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In search of happiness – part 1

This is me. This photo was taken a couple of weeks ago in Abu Dhabi by my sister. We were over on holiday visiting our dad in Dubai. This photo isn’t me. It is just what is left of me. Not physically but mentally.

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I’m sitting here forcing myself to finish this bowl of museli. It’s the first time I have had museli in almost three years and it tastes wonderful. I want to have another bowl and another because I have just got back from cycling to the gym, half an hours run on the treadmill, an hour of yoga, half an hour in the pool and then cycling back home again. My body is telling me it’s hungry. But I won’t give in.

After I was diagnosed with endometriosis – a gynaecological condition – just before my sixteenth birthday I have been on various painkillers, injections and hormone treatments. Nothing seemed to work but then I read an article one day about the benefits of a gluten free diet. This was the catalyst for where I am now. I threw myself into adopting strict rules – categorising foods which were ‘safe’ and which ones weren’t. At the start I ate gluten free bread, cakes and pasta. Now I can’t even bring myself to eat a rice cake.

Whether it was the heart ache of being let down by someone who I trusted and thought loved me or being faced with redundancy at the age of 24, or¬†being away from my family –¬†looking back now controlling my diet and exercise was the only thing at that point in my life I was able to control. What slowly began as an avoidance of wheat and gluten quickly turned into an obsession with healthy food and complete avoidance of anything considered a fat, carbohydrate or treat. In my job as a radio journalist I had a constant battle with myself and my brain to focus and write while at the same time stressing about food. I still don’t understand how people eat because they need to. I can never understand how having the odd biscuit here or there with a cup of tea (something normal and healthy if not all the time) isn’t consumed with guilt. For me, I would have to factor the biscuit into my allowance or make up for it the next time I drag myself out of bed at 6 in the morning for a run.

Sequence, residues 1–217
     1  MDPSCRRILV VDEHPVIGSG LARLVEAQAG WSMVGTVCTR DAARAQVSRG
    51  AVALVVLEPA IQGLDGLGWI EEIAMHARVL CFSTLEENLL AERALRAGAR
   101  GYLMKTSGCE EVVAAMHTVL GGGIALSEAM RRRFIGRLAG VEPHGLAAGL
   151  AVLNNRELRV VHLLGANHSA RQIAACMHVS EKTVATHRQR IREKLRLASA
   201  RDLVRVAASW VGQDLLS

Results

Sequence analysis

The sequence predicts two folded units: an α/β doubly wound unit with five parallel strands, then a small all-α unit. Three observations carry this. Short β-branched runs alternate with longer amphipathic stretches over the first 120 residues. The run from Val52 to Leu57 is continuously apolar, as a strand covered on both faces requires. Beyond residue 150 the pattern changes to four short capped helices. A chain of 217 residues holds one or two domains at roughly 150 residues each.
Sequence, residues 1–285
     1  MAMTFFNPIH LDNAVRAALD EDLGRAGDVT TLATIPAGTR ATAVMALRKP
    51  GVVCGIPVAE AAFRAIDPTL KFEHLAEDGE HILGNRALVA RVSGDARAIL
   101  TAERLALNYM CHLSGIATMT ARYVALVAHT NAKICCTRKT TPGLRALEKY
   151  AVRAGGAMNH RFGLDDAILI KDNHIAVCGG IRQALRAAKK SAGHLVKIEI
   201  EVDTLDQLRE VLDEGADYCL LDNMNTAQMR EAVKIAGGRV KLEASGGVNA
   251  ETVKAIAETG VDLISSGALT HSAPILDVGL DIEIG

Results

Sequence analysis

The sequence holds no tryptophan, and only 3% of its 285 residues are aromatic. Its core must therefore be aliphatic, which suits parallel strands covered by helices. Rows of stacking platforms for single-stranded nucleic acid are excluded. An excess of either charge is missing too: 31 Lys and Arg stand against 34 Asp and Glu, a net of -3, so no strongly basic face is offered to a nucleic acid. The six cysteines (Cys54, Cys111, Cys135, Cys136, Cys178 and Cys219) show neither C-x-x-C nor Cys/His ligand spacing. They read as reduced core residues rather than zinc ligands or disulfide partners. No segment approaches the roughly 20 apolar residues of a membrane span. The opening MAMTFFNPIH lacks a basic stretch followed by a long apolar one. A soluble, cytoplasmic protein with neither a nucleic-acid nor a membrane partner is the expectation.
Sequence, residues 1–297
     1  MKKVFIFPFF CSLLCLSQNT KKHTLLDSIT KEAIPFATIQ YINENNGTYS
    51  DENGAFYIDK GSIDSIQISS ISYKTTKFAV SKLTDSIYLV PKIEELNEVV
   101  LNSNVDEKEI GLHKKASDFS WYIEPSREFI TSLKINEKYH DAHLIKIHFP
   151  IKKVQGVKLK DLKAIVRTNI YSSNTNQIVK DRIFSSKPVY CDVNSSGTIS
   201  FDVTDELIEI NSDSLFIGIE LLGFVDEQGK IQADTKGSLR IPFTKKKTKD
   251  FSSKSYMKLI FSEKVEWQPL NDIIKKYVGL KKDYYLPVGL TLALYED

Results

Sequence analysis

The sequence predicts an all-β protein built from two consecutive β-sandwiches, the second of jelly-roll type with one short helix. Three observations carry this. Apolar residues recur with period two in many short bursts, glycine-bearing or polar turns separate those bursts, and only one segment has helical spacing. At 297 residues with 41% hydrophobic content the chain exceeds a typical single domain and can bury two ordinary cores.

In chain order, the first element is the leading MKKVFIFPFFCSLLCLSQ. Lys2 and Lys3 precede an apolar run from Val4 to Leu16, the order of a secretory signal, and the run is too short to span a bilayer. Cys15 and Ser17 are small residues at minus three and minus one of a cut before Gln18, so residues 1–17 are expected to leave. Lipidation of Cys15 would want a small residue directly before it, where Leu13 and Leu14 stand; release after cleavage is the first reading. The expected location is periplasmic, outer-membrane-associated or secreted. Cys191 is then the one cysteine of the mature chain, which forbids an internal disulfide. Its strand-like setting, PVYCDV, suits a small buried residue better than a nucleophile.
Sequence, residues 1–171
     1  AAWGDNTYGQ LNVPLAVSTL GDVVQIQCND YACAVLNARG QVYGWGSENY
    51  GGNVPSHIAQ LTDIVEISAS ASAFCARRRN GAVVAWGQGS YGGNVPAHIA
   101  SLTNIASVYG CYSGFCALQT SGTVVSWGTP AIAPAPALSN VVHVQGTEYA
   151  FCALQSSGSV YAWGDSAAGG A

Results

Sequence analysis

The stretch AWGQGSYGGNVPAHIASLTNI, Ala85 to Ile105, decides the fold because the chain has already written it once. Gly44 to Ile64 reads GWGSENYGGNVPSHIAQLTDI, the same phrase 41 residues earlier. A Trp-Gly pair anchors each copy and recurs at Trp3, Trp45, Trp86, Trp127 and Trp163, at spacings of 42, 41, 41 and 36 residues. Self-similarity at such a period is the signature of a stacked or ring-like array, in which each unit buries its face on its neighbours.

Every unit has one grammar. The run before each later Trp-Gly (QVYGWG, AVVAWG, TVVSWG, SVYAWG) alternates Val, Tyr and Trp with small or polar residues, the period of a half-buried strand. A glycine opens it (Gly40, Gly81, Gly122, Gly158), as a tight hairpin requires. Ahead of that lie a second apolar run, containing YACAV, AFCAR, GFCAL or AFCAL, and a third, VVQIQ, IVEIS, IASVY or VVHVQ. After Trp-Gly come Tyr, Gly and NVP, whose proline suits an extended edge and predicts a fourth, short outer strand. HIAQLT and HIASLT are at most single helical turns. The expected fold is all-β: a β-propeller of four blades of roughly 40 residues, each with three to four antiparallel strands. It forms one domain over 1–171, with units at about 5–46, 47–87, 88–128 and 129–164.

So this is the start of my blog. I’ve never written one or never thought about it. I’ve wanted to write for a long time now but writing about something which is so personal opens yourself to all sorts of fears and criticisms. I’m starting this blog to document my journey through recovery. At the moment I don’t think I have even started. You would think the news that my recent bone density scan showed that I am severely lacking Vitamin D and my bones are only 60% of what they should be for a woman of my age would be enough to say enough is enough. I know that I am the one who can turn my life around. At the moment I have been told that unless I put weight on – the chances of me being able to have a baby are fading fast. The one thing that I want more than anything in life. But the voices inside are too powerful just now. So this isn’t going to be easy but it’s a start. Today I tackled museli. A small and insignificant step for mankind maybe.

But for me a giant leap on the start of my road to recovery.

Comments

  • Amy Tocknell says:

    A big welcome from us all and thank you for being brave enough to speak about what is happening in your life. Looking forward to seeing more from you! xx

  • Anna says:

    People like you make want to jump up and down, clap my hands and cheer. It takes balls of steel to take on your own demons, let alone address them publicly. The fact that you have, also means that others in your situation may find you and take comfort from your words. Very brave, and I look forward to reading more from you. All the best, Anna x

  • v.marwood@hotmail.co.uk says:

    You are my hero my hannahbananacamaramadingdong (to give you your full title) xxxxx

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